Trump lashes out over Kelly criticism: 'He misses the action'

President TrumpDonald John TrumpBiden campaign slams Facebook after thousands of ads blocked by platform's pre-election blackout Mnuchin says he learned of Pelosi's letter to him about stimulus talks 'in the press' Harris to travel to Texas Friday after polls show tie between Trump, Biden MORE on Thursday tore into his former chief of staff John KellyJohn Francis KellyMORE, deriding his job performance and accusing him of breaching decorum after Kelly openly criticized the president's rhetoric and decisionmaking. 

Trump lashed out at Kelly after reports circulated that his former chief of staff and Homeland Security secretary defended migrants, the press and Lt. Col. Alexander VindmanAlexander VindmanCIA impeachment whistleblower forced to live under surveillance due to threats: report Alexander Vindman to publish memoir about being a witness in Trump impeachment John Kelly called Trump 'the most flawed person' he's ever met: report MORE, who was reassigned from his post after testifying against Trump in the impeachment inquiry.

"When I terminated John Kelly, which I couldn’t do fast enough, he knew full well that he was way over his head. Being Chief of Staff just wasn’t for him," Trump tweeted. "He came in with a bang, went out with a whimper, but like so many X’s, he misses the action & just can’t keep his mouth shut, which he actually has a military and legal obligation to do."


The president went on to claim Kelly's wife told him the former administration official and four-star general respected him "greatly" and "will only speak well of" him.

Trump nominated Kelly to serve as his Homeland Security secretary before appointing him chief of staff in July 2017. He stayed on in that role for roughly 17 months, stepping down at the end of 2018.

Trump has a tendency to lash out at former administration officials who openly criticize him, having tweeted angrily about former Secretary of State Rex TillersonRex Wayne TillersonPresident Trump: To know him is to 'No' him Ocasio-Cortez, progressives call on Senate not to confirm lobbyists or executives to future administration posts Gary Cohn: 'I haven't made up my mind' on vote for president in November MORE, former national security adviser John BoltonJohn BoltonJohn Bolton in heated exchange with BBC anchor over lack of impeachment testimony President Trump: To know him is to 'No' him Obama highlights Biden's tweet from a year ago warning Trump wasn't ready for pandemic MORE and former communications director Anthony ScaramucciAnthony ScaramucciScaramucci says Trump has united country: 'It just happens to be against him' Sunday shows preview: Coronavirus cases surge in the Midwest; Trump hits campaign trail after COVID-19 John Kelly called Trump 'the most flawed person' he's ever met: report MORE, among others.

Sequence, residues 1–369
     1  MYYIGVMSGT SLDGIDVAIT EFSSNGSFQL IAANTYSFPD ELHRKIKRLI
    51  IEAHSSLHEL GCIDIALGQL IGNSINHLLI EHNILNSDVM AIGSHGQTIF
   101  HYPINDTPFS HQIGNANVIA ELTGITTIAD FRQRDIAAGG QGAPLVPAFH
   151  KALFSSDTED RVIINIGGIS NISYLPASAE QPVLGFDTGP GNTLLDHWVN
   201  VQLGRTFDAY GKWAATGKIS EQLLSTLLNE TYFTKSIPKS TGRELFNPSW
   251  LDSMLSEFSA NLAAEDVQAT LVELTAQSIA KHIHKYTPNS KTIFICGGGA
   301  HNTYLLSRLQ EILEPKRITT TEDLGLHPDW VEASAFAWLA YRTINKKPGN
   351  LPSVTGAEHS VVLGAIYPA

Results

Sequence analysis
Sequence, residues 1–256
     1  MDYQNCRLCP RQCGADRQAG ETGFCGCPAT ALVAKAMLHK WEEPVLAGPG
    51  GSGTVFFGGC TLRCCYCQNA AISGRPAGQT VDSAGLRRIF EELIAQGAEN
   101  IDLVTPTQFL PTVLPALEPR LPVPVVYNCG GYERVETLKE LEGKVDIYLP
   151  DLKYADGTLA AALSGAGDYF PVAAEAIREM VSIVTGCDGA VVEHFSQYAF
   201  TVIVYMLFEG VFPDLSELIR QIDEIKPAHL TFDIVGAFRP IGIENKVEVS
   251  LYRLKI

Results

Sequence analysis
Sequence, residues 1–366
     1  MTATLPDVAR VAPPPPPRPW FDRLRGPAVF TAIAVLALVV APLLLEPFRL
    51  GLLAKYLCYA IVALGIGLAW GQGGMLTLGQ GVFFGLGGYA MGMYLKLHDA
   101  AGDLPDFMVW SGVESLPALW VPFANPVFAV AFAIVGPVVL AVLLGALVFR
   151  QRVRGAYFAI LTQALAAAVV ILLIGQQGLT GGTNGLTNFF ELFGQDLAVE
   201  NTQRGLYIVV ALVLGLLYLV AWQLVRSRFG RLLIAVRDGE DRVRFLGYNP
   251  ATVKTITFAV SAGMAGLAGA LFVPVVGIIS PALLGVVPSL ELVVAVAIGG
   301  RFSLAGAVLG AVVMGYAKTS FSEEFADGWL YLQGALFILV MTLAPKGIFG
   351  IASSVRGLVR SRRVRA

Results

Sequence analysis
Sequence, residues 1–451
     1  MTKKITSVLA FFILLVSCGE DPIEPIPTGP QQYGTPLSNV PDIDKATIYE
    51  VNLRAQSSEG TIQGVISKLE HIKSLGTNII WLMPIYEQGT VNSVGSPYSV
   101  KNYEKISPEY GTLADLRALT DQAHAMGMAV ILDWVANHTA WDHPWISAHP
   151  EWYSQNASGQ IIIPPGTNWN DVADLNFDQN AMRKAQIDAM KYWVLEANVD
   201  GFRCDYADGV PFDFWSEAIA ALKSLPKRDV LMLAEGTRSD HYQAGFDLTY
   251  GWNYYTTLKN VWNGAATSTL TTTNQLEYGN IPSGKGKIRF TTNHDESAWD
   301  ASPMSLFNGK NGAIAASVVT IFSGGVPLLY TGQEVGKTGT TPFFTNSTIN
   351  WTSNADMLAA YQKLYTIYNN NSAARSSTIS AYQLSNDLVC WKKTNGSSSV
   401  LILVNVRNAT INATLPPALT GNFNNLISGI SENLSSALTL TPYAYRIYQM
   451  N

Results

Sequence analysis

Kelly appeared Wednesday night at a Drew University event in New Jersey, where he laid out a number of disagreements with Trump's policies and comments.


Kelly defended Vindman, saying he acted properly in reporting his concerns with Trump's July 25 call with the Ukrainian president. He said the media is "not the enemy of the people," dismissing an attack frequently deployed by the president. Kelly described migrants as "overwhelmingly good people," an implicit rebuke of Trump's warnings of dangerous caravans and the need to curb immigration. 

Kelly's tenure was marked by his turbulent relationship with Trump. Kelly tried to rein in some of the president's more impulsive behavior and curb leaks within the White House, but the administration continued to struggle with infighting and controversy.

His successor, Mick MulvaneyMick MulvaneyGaffes put spotlight on Meadows at tough time for Trump Trump says he may lower corporate tax rate to 20 percent if reelected Is Social Security safe from the courts? MORE, has been acting chief of staff for more than 400 days. Mulvaney has in the past been critical of Kelly's approach to the job, saying it hurt morale.